In 2023, the DOL proposed new regulations that dropped the same two prongs of the original test, but only covered investment advice that would reasonably be likely to create a relationship of trust and confidence. This standard was modeled after the SEC’s best interest rule, adopted in 2019, which enhanced the broker-dealer standard of conduct beyond “suitability” to a duty to act in the “best interest” of the customer at the time the recommendation is made, including full and fair disclosure of any conflicts of interest.

2024 Final Regulations
Following several weeks of hearings and a 60-day comment period (more than 30,000 comments were submitted), the DOL finalized these regulations on April 23, 2024, with carve-outs for sales pitches and educational recommendations. The DOL also dropped language that would have treated any adviser with “discretionary authority or control” with respect to plan investments as an investment advice fiduciary, in response to comments that the language was vague and overly broad.

The new regulations apply to investment advice given, for a fee or other direct or indirect compensation, to any “retirement investor,” which includes a plan, plan participant or beneficiary, IRA, IRA owner or beneficiary, or a fiduciary to a plan or IRA. An advisor to a retirement investor will be treated as a “fiduciary” subject to the new regulations if the following conditions are met:

  • The advisor makes a recommendation to the retirement investor of an investment transaction or investment strategy;
  • The advisor or its affiliates could receive direct or indirect compensation if the recommendation is followed by the retirement investor; and either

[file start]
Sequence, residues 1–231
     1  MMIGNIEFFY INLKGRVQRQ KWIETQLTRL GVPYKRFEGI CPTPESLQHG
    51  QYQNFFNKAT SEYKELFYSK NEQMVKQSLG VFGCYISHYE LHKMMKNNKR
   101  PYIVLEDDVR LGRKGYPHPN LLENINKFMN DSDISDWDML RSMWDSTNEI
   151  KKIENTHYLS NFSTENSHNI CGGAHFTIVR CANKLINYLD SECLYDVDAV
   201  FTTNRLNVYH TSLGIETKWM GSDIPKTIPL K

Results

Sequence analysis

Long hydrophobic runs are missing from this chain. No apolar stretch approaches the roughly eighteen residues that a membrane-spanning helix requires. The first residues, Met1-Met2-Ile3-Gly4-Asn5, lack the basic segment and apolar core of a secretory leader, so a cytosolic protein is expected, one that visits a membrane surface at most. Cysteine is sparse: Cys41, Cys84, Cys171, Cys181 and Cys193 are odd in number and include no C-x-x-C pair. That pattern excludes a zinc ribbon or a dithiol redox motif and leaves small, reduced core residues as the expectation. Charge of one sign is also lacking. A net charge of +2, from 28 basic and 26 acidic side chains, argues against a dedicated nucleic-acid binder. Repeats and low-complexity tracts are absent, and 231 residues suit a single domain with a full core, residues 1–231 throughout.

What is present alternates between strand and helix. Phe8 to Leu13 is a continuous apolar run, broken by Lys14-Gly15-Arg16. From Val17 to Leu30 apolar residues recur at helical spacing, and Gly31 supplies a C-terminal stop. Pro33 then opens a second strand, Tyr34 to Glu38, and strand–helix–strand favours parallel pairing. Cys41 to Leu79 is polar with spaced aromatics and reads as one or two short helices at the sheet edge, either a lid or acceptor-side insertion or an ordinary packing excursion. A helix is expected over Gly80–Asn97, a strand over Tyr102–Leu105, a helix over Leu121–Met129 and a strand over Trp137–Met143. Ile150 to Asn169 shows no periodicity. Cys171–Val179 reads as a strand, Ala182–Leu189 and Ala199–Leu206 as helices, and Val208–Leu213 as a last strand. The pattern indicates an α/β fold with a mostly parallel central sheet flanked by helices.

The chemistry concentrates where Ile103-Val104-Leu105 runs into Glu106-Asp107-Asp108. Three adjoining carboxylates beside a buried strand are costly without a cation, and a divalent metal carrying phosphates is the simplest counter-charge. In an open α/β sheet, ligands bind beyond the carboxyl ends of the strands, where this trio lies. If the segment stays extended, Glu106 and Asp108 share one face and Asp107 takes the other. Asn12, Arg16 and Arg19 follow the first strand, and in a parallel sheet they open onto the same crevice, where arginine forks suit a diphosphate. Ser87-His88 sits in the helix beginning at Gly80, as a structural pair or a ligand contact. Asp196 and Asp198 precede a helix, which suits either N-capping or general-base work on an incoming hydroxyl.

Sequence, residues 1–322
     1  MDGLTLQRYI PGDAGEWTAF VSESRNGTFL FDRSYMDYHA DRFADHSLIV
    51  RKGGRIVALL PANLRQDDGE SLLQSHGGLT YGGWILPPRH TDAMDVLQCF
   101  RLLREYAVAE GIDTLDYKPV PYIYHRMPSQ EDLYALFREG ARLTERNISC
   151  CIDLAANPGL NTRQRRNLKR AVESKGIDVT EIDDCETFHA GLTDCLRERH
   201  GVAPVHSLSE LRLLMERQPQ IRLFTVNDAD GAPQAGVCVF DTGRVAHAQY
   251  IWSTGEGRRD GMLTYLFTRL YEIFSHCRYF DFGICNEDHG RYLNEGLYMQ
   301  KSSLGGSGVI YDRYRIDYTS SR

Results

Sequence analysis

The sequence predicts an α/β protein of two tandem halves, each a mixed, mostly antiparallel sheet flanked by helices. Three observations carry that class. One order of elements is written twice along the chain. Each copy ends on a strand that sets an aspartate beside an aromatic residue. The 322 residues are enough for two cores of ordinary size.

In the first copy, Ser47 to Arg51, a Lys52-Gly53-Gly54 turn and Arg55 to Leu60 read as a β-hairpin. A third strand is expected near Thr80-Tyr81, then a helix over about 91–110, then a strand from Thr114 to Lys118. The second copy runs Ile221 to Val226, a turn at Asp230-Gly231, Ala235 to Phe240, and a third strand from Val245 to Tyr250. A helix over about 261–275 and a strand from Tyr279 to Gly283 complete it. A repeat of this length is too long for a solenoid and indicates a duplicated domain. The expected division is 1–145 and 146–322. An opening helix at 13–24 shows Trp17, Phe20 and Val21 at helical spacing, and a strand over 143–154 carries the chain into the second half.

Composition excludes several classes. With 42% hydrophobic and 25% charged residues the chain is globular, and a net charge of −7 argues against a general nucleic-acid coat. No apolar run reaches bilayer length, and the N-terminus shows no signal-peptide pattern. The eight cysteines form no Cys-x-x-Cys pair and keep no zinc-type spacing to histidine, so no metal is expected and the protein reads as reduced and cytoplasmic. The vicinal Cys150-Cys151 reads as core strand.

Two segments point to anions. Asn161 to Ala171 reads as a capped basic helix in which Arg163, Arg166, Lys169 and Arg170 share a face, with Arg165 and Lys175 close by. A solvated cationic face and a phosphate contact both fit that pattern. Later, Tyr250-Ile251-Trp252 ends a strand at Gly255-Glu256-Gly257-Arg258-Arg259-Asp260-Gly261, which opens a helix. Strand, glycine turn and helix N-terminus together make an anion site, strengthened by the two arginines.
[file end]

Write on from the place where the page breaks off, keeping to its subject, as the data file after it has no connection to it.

• The advisor makes professional investment recommendations on a regular basis as part of its business, and this particular recommendation is made under circumstances that would reasonably indicate a relationship of trust and confidence (specifically, a reasonable investor in like circumstances could conclude that the recommendation reflects the advisor’s professional judgment based on a review of the retirement investor’s particular needs or individual circumstances, and may be relied upon by the retirement investor to advance its best interests), or
  • The advisor acknowledges fiduciary status.

Most of the commentary involves what constitutes a recommendation of an investment transaction or investment strategy. Unlike the 1974 regulations, the new rule does not require a mutual agreement between the advisor and retirement investor to create fiduciary status. The new rule would apply to any recommendations as to:

  • the advisability of acquiring or selling certain securities or other assets;
  • the management of securities and other assets, including recommendations on investment policies or strategies, selection of other investment advisors or managers and voting proxies; and
  • advice on rolling over plan assets. (The DOL noted that employees moved $770 billion from 401(k)-type plans into IRAs in 2022 alone.)

Echoing the SEC best interest standard, the communication must effectively be a “call to action” to be treated as a “recommendation” for this purpose.